Cyclops is the name given to this small magnifying section. Rolex has always prioritized the use of high-quality materials in all aspects of the watch. When wearing a Rolex watch, you will note that the Cyclops has a sleek and polished appearance. If it does not appear to be a genuine Rolex, it is most likely a forgery.

#6. Rolex Serial Number Engraved

Every Rolex watch manufactured in the Rolex production unit has an official Rolex serial number. Even if a Rolex imitation seller can duplicate the serial number, no charlatan can duplicate the way Rolex engraves it!

The Rolex serial numbers are carved accurately and precisely on its high-quality and sleek metal body. A fake watch, on the other hand, has an “etched” serial number. If you buy anything with this, be cautious and return the watch as soon as possible.

#7. Face-to-Face Texting

The lettering on the watch face should adhere to the highest Rolex standards. The writing on a fake Rolex is unsmooth, bubbling, and incorrectly spaced. Examine each section of the text carefully. This is how to tell if the watch you bought is genuine or not.

#8. Surprising Cost

Rolex is well-known for producing timepieces that are true works of art. This tradition does not exclude the Rolex watch price. If a seller gives you a watch for an unusually low price, you risk losing money on a fake Rolex!

Furthermore, if the quality of the watch does not appear to support a higher price, the seller is most likely misleading you with a counterfeit model. So, before making a purchase, compare the price of a watch with another source.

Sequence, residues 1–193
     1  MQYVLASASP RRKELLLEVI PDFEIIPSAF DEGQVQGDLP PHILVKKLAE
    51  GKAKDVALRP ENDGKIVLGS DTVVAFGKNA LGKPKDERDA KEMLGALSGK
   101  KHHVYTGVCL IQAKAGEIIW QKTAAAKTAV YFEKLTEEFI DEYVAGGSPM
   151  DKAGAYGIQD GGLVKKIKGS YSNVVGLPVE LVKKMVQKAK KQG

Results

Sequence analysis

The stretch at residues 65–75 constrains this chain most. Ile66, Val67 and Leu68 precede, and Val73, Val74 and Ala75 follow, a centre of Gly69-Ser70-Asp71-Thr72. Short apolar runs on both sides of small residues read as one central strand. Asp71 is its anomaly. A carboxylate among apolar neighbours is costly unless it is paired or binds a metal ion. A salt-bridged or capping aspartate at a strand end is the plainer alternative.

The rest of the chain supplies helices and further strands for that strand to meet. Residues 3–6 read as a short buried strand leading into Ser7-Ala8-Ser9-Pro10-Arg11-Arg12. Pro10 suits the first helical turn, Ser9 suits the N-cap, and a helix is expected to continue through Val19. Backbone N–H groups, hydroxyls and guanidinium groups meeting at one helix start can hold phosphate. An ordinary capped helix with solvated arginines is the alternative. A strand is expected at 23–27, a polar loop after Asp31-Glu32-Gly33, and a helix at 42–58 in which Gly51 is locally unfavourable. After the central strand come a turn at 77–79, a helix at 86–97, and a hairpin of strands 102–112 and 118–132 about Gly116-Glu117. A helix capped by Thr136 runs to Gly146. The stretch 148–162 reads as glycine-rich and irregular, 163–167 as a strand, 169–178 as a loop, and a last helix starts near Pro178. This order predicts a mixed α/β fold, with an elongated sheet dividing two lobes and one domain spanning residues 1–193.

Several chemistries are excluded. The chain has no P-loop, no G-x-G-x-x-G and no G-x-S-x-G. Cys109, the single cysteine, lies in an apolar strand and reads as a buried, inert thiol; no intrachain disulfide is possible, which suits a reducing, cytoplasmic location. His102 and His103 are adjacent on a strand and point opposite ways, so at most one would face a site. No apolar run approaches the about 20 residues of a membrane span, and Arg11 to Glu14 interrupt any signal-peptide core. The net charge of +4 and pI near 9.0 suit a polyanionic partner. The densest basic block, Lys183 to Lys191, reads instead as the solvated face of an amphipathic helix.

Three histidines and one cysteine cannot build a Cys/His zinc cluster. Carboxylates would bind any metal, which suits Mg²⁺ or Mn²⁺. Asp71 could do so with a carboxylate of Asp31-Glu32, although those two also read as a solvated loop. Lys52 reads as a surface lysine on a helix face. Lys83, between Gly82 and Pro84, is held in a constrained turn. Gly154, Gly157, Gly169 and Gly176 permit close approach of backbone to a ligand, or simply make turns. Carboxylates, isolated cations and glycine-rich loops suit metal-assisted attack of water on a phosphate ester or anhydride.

#9. Dimensions

This is most likely the simplest approach to determining the authenticity of a Rolex watch. You must weigh it to guarantee that you are carrying an authentic Rolex. An authentic Rolex is made of metal. This explains why it appears to be quite weighty.

Furthermore, an authentic Rolex includes a well-crafted, high-quality band, which adds weight to the clock. It just takes a few seconds to spot a fake Rolex watch by weighing it. Remember that a fake Rolex is light. In a matter of seconds, the edgy finishing will show its genuineness!

Is Rolex A Good Investment?

It depends on the individual model, purchase price, watch condition, and current market conditions. In terms of investable commodities, Rolexes tend to reign supreme even in a depressed market.

Will Rolex Always Hold Value?

In general, Rolex watches hold their value better than many other luxury watch brands.

Why Do Navy SEALs Wear Rolex?

The SEALs value the Rolex for its ruggedness, dependability, and accuracy. 

Is Rolex Made Of Real Gold?

Rolex only employs 18 ct gold, a princely alloy made of 750 (thousandths) pure gold plus precisely the proper proportion of metals such as silver and copper required to generate the various sorts of 18 ct gold: yellow, white, and Everose, Rolex’s distinctive pink gold alloy.

Is Rolex Made of Diamond?

Rolex uses mostly colorless diamonds in their watches.

In Conclusion

Rolex has been a leading manufacturer of watches for more than a century thanks to its founder Hans Wilsdorf’s crown logo. A large part of Rolex’s value is due to the fact that it gives so little away, which adds to its mystique. According to Forbes’ world’s most powerful brands list, it consistently ranks first in surveys of super-brands. There is no doubt that most people will name a Rolex if asked what a luxury watch is.